Will I get a BlackBerry? Will you cover the cost of my cellphone?”

These are the questions recruiters will be asked by today’s applicants in the financial services industry, according to Barry Ferguson, vice president of wealth-management delivery with Qtrade Financial Group in Vancouver. Although these kinds of questions might raise eyebrows among veteran advisors, they define today’s young talent group. “They grew up with cellphones and laptops,” Ferguson says, “and the equipment is synonymous with their ability to do their jobs.”

In many ways, people in their 20s today are not that different from other fresh-faced groups of graduates before them, Ferguson says: “We’re all idealistic when we come out of school.”

Today’s graduates also expect their marks to speak for themselves. That emphasis on good grades, which likely propelled them through their education, can end up hurting them, according to Geoffrey Prince, professor and co-ordinator of the School of Business at Centennial College in Toronto.

“Their preoccupation with competing for marks tends to steer them away from the realistic goal of preparing themselves for the job,” says Prince, who has met with several perplexed students who cannot understand why they didn’t hear back from a recruiter in spite of their 4.0 average and having passed all the industry exams.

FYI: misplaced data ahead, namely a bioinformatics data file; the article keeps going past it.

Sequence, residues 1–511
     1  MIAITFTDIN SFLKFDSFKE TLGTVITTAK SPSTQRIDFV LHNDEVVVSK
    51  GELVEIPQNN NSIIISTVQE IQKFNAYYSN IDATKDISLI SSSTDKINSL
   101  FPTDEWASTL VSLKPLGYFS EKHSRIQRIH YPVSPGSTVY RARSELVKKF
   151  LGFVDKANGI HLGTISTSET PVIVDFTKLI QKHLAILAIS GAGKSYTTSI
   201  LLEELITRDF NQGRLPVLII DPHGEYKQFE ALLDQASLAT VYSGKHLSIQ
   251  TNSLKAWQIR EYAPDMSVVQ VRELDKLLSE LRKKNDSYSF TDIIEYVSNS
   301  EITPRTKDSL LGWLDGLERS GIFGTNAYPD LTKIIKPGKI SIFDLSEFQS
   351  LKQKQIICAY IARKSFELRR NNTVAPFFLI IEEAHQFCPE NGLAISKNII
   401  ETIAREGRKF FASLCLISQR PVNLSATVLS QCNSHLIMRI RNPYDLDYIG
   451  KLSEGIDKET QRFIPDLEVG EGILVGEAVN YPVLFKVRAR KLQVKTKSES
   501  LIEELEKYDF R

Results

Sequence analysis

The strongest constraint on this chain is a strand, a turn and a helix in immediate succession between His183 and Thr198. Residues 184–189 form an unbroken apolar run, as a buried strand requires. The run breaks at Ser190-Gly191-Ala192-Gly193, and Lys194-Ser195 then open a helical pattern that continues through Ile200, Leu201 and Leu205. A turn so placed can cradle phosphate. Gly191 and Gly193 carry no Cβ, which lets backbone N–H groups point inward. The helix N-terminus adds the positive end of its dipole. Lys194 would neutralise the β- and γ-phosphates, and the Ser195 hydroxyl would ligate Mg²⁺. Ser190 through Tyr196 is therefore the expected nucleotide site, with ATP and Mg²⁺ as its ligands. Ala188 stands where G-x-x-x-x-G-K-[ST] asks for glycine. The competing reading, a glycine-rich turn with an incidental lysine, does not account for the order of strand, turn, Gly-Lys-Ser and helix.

They need to understand that soft skills — making a strong first impression, communication, even likability — are all vital for an advisor. 

That’s why the need for practical experience or, at the very least, simulated experience such as the CIFP Case Challenge (see other story on this page), cannot be overstated, Prince says. He expects to see more such initiatives.  

Despite this generation’s “entitled” reputation, the economic downturn has had an impact on this group of recent graduates, according to Ferguson. “In the early 2000s, when life was pretty good, people coming out of school had very high expectations,” he says, “and they were looking to trade off education against income demands.”

Now, the corporate environment and culture are just as important as the work and the salary, Ferguson says.

“That’s truer now than it ever was because job security is no longer a selling point. They are saying, ‘While I work for you, it had better be a great experience’.”